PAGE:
A team of archeology students has rediscovered a 1,000-year-old mural depicting a deity surrounded by warriors that was last seen a century ago.
The mural, known as the Huaca Pintada, consists of fantastic depictions of scenes from mythology. The 30-meter-long painted wall was first found by a group of grave robbers in 1916 in the north of the country, in Ilim near the town of Ćiklay.
The beauty of the mural is immortalized in photographs taken at the time by Hans Heinrich Brining, a German ethnographer whose work spurred the archaeological study of pre-Columbian ruins and relics in the region.
However, grave robbers destroyed part of the wall after being prevented from making money from their discovery and the location is once again a mystery.
More than a century passed until a Swiss-Peruvian team led by Sam Gavamy of the University of Freiburg decided to tackle the mystery and rediscover the lost mural hidden by carob trees and bushes.
“We felt a great relief when we got permission to access the relief site,” said 33-year-old archaeologist Ghawami in a telephone conversation with Guardian reporters.
Pandemic slowed excavation
One of the biggest problems, says Gavami, was access to the site, which is on private land.
“It took two years to convince the family, who were fiercely protective, to allow them to dig,” says Ghavami.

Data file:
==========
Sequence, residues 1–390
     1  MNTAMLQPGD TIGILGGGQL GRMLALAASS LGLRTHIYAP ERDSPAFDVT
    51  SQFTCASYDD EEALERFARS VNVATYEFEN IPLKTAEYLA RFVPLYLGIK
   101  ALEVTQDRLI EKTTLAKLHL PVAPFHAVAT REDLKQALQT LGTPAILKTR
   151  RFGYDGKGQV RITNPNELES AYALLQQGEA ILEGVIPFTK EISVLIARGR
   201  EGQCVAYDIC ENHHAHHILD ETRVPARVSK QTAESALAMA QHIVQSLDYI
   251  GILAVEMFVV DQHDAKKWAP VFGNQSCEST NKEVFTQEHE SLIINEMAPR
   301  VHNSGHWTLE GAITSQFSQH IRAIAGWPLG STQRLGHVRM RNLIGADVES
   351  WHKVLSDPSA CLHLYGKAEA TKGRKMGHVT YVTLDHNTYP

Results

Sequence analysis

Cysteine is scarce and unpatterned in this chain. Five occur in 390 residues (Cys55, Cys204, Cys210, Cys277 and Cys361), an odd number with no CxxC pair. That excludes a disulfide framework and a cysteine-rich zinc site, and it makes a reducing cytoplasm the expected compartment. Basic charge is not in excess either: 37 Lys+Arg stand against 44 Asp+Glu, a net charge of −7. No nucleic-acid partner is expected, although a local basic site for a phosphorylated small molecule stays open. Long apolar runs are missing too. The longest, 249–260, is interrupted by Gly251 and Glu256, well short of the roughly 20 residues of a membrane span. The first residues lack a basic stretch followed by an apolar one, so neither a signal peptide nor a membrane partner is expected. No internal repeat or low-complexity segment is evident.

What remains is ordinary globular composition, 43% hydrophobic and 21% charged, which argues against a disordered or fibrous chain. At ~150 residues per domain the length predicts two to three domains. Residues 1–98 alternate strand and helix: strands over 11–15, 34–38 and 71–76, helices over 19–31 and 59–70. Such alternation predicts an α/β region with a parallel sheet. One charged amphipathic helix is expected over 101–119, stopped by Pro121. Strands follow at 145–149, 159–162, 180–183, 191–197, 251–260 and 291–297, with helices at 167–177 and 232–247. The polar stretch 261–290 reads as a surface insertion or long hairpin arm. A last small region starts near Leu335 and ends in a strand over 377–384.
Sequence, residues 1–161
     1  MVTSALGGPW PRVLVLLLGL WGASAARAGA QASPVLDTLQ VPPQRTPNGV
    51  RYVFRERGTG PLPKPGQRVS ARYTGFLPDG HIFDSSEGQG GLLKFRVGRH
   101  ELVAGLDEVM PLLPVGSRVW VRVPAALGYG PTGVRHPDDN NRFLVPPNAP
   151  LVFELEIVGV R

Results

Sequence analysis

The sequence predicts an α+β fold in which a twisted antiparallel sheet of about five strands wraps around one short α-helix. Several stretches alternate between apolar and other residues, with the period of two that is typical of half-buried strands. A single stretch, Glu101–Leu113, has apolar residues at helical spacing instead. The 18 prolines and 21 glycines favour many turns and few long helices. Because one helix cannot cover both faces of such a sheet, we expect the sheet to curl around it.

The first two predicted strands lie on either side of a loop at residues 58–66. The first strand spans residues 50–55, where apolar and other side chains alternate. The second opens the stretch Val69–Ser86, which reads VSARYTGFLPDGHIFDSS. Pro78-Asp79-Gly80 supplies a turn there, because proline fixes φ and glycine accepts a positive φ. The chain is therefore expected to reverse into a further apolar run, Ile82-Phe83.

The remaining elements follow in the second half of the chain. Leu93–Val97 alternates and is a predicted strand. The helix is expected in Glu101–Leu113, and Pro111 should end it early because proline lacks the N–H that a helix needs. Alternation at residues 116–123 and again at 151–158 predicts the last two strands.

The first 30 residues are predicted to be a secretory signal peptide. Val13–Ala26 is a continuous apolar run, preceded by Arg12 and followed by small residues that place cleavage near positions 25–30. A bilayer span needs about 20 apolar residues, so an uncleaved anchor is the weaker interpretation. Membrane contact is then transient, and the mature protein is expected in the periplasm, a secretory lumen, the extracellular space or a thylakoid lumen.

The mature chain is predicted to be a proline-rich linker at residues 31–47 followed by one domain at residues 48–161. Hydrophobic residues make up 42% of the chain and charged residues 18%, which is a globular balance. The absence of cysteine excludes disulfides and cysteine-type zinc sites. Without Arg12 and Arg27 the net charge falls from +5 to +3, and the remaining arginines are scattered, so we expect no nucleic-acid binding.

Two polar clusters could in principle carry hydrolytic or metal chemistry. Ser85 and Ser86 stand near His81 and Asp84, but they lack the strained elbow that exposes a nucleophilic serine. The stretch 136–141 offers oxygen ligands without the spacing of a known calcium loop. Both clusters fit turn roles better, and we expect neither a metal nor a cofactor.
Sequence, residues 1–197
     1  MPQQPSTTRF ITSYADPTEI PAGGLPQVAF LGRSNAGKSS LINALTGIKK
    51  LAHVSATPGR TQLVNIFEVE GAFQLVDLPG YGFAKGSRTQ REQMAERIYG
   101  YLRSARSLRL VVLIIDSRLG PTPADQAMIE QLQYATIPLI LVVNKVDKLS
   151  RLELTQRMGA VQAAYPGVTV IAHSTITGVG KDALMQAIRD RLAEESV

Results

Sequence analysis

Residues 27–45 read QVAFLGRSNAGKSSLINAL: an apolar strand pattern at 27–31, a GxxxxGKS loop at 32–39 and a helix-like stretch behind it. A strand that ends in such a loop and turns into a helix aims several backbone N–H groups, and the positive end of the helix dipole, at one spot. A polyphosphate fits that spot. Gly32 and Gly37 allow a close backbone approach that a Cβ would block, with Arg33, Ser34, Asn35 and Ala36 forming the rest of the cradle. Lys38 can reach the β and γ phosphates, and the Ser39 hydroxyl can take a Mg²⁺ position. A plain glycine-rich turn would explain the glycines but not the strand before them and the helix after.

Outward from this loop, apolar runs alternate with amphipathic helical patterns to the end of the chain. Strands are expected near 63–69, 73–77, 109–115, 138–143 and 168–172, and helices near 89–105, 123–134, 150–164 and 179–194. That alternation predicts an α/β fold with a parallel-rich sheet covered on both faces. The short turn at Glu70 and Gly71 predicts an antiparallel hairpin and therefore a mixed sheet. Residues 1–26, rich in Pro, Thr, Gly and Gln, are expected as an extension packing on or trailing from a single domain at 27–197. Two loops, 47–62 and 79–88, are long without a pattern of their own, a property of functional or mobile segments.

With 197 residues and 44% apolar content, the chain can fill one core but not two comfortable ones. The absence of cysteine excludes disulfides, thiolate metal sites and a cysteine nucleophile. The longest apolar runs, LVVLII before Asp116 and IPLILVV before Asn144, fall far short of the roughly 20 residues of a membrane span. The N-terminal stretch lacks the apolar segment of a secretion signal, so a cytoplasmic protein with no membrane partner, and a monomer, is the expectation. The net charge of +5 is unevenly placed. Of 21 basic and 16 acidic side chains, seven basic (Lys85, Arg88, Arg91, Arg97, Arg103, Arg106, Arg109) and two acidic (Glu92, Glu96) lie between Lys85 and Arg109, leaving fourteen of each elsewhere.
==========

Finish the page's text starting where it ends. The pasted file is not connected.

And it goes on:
A Swiss archaeologist and about 18 Peruvian students began excavations in 2019, thanks to a grant from the Swiss National Science Foundation.
After a break in 2020 due to the coronavirus pandemic, work resumed in 2021, and the excavation was completed in November of this year.
“The first time we saw the huge wall, we were just removing the sand. We could see that the walls were buried. “In the last two months of excavation, the team rediscovered murals that were lost at the time of Bruning, as well as new sections extending some 11 to 12 meters that the looters had not discovered,” explains Ghavami.
According to him, it was an extensive job because no one could see the monumentality of the mural when it was covered with soil, trees and other vegetation.
When it was revealed, the archaeologist adds, people began to look at the wall in a new way.
Painted walls illuminated by the sun after more than 100 years
Archaeologists believe that the mural dates from the period of the Sikan culture, that is, from the ninth century AD.
He was buried in a pyramidal mound in the La Leche Valley near another place called Tukume, in the region of Lambayeca.
“It is the most exciting and important discovery in recent years.” The long-lost murals of Huaca Pintada have been found after more than 100 years,” said Luis Jaime Castillo, professor of archeology at the Pontifical Catholic University of Peru.
The Mochica civilization flourished in areas of northern Peru between 100 and 700 AD.
“A mix of Mochica and Lambayeca iconography adorns the wall. The depictions bear witness to social transition, and perhaps to changes in cosmology. They provide us with a unique opportunity to reflect on the ancient societies of the region, their deities and myths,” said Castillo.
For now, the archaeological site is covered to protect it from damage, but Gawami, who is writing a doctoral dissertation on the sociocultural changes that took place in Lambayek at the time the mural was created, would like to see the mural restored to its former glory and open to the public. .